Workplace neck pain: simple adjustments can help

Agnesian HealthCare Marketing & Public Relations

Many individuals who sit at a computer for the duration of their workday complain of neck and upper back pain. Due to the long time spent in a certain position, muscles can become tight or weak, which leads to pain. Usually this happens over time, so even if you are not currently having pain, these suggestions can help you later in the future!

According to the American Federation of State, County, and Municipal employees (AFSCME), there are eight risk factors that cause injuries including: awkward posture, repetitive motion, long periods of repetitive activity (duration), lack of recovery time, forceful movement, vibration, uncomfortable environmental conditions (high temperature, humidity, etc.), and stressful work organization (the way the workspace is organized).

To help combat the effects of these factors, AFSCME recommends (after identifying if these eight factors exist) using equipment that can control ergonomic risks (patient lifting devices and transfer boards, adjusted computer and furniture height, etc.), having a team lift a patient together, rotating jobs, taking frequent rest from using the keyboards and mouse, and using proper lifting form.

For adjusting the desk/chair setup, the AFSCME recommends:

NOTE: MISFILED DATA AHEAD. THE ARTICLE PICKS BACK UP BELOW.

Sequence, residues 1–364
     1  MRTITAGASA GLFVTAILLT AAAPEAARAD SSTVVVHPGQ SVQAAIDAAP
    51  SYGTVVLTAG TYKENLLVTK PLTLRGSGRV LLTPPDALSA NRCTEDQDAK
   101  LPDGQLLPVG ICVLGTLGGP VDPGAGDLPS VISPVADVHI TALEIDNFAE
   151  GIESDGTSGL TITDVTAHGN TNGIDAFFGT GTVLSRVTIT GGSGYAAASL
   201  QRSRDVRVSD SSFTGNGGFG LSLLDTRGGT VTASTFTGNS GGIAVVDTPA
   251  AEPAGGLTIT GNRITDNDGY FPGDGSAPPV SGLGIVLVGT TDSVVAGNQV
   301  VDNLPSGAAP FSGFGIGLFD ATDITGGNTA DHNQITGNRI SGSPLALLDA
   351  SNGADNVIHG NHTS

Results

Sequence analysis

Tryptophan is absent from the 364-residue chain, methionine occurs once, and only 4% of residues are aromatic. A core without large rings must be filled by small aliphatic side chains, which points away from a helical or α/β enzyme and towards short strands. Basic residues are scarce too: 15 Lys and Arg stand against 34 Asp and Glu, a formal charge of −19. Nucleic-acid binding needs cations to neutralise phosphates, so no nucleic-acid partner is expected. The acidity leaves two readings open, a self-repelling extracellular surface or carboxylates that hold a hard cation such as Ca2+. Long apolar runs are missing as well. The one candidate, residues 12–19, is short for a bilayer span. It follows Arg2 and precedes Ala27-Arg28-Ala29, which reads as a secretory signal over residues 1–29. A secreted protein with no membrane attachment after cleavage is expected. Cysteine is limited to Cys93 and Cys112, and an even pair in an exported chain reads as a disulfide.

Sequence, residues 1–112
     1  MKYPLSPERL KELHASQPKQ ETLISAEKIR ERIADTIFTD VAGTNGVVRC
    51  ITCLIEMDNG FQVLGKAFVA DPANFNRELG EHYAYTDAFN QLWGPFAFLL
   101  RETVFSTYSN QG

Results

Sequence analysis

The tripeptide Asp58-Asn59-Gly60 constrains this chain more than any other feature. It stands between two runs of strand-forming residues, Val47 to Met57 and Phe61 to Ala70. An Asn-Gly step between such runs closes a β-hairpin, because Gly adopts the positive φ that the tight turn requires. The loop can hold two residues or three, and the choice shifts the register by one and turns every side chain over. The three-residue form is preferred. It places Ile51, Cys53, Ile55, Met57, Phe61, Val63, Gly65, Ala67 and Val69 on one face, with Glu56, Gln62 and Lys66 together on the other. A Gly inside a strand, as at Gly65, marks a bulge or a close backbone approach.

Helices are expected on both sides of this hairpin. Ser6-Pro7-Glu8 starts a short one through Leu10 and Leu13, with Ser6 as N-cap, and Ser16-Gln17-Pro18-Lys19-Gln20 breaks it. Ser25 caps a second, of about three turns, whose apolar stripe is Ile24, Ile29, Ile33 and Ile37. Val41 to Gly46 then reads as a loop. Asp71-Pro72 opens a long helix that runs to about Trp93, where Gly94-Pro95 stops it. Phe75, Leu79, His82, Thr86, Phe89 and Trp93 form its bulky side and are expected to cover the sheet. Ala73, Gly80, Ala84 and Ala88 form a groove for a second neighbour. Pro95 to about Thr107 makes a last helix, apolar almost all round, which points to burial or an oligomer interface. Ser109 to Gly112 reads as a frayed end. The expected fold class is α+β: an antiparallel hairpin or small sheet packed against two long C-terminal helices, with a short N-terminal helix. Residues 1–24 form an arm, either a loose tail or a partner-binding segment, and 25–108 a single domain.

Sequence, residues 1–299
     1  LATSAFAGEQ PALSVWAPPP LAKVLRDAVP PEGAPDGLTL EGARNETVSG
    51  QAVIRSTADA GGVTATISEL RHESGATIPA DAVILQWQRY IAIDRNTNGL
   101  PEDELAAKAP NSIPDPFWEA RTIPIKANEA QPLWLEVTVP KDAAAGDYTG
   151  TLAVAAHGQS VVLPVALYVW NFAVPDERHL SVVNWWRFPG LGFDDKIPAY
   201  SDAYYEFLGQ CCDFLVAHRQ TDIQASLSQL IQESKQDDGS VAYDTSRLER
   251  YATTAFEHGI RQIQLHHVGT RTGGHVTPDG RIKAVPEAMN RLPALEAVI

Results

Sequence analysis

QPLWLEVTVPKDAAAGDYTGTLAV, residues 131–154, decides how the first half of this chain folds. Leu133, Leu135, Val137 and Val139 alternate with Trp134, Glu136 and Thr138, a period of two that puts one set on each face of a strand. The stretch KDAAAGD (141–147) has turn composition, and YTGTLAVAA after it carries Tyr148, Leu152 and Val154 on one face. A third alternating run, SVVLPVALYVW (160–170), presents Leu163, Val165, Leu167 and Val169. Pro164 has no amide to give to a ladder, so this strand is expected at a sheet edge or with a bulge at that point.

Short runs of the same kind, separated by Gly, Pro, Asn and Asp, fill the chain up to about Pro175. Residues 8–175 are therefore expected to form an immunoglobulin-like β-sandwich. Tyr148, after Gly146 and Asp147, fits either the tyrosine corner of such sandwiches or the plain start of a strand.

· Monitor shoulder be 18 to 30 inches away from you, adjusting desk height so that the top of the monitor is at eye level.

· Chair level shoulder allows your feet to be flat on floor with hips and knees at a 90-degree angle. The chair back should also be adjustable to allow low back support and facilitate an upright posture as pictured below.

· Desk height should allow arms to rest at sides with elbows bent at a 90-degree angle and wrist/fingers in a relaxed position, keyboard meeting finger tips (no reaching). The mouse should be as close to the keyboard as possible

· If work environment is spread out, avoid rotating repetitively throughout the day.

· If you spend a frequent/large amount of time on the phone, consider getting a headset.

· As possible, take frequent breaks throughout the day (preferably every 30 to 60 minutes). Stand up, perform gentle neck/shoulder/upper back/wrist stretches, or walk


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